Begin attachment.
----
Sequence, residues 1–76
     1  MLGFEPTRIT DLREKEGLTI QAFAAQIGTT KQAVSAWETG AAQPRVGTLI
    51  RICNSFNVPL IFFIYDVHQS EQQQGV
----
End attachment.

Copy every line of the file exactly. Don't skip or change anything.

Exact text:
Sequence, residues 1–76
     1  MLGFEPTRIT DLREKEGLTI QAFAAQIGTT KQAVSAWETG AAQPRVGTLI
    51  RICNSFNVPL IFFIYDVHQS EQQQGV